NHS Direct Helpline: 111

If you have been a victim of rape or sexual assault, and are still recovering from the emotional and physical effects, you can contact the NHS for access to support.

Whether it’s been hours, weeks or months, they can ensure you get signposted to the right services, so you can start the road to recovery. 

For more information on what to do if you have just been assaulted, click here.

The Mix

The Mix provides free, confidential support for young people under 25 via online, social media and phone (0808 808 4994), covering topics from sexual harassment to finding a job and homelessness.

Chat via their online community, free, confidential helpline or connect to their counselling service for support if you’re a young person struggling with past trauma.

Victim Support

Sexual assault isn’t something to be treated lightly, but we understand if you don’t feel emotionally ready to speak with police about your experience.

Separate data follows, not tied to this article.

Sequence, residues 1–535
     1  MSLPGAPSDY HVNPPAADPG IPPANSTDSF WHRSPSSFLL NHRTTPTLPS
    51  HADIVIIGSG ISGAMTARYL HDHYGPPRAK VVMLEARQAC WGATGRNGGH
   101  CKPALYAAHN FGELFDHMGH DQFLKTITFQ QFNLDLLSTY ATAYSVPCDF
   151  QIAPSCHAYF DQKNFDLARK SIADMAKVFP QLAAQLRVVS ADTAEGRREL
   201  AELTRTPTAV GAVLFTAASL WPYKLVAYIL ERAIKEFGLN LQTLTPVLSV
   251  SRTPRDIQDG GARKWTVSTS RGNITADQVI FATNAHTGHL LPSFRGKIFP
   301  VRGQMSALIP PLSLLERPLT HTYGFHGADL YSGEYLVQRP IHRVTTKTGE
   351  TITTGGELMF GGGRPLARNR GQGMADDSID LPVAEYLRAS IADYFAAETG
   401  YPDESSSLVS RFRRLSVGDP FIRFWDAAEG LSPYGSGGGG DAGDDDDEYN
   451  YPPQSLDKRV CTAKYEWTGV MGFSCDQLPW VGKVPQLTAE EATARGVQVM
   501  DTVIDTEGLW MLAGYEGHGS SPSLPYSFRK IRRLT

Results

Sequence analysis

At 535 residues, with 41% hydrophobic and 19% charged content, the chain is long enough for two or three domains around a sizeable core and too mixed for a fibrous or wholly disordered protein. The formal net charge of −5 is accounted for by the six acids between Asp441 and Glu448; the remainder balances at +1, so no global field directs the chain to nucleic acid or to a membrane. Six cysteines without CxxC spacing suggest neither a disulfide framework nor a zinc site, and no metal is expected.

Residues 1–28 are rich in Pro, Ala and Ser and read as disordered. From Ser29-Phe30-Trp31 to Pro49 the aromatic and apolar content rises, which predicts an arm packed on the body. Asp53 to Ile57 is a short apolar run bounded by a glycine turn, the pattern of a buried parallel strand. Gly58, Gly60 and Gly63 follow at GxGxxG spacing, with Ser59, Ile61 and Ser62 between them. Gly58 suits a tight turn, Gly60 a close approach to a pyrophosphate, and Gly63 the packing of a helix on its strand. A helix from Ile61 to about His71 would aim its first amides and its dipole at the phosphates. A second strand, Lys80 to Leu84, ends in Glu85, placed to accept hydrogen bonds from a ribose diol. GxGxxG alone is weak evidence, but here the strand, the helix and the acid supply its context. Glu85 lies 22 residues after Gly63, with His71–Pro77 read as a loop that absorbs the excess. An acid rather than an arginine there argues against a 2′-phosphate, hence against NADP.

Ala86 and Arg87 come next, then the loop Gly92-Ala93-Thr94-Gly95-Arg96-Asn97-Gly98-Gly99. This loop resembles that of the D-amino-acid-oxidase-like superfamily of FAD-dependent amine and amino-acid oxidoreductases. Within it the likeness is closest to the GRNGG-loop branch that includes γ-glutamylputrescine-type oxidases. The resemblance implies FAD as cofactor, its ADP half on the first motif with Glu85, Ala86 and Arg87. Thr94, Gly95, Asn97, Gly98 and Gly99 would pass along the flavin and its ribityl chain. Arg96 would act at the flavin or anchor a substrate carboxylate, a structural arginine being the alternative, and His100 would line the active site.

Whether you are dealing with an event that has happened recently or in the past, Victim Support can help you with the next steps, on a completely free and confidential basis. You don’t need to have spoken to the police first and their services mean you can talk to someone face-to-face or over the phone (by calling 0808 168 9111) if you’re not up to seeing someone in person.

Rape Crisis

Rape Crisis is a charity that helps women and girls aged 13+ who have been victims of rape and sexual assault. Run by women and for women, it’s a safe space where survivors can access support, as well as guidance on what to do next.

From their over-the-phone support (available on 0808 802 9999) and face-to-face centres to the live chat helpline, they offer numerous ways to get you the help and support you need without any hassle.

Women Against Rape

This website is a joint resource created by Women Against Rape and Black Women's Rape Action Project. 

These organisations focus on a self-help approach to dealing with sexual, domestic and race-related trauma, by providing support, legal information and advocacy. 

They also campaign for justice and protection for all women and girls, including asylum seekers, who have suffered sexual, domestic and/or racist violence.

Survivors UK – Male Rape and Sexual Abuse Support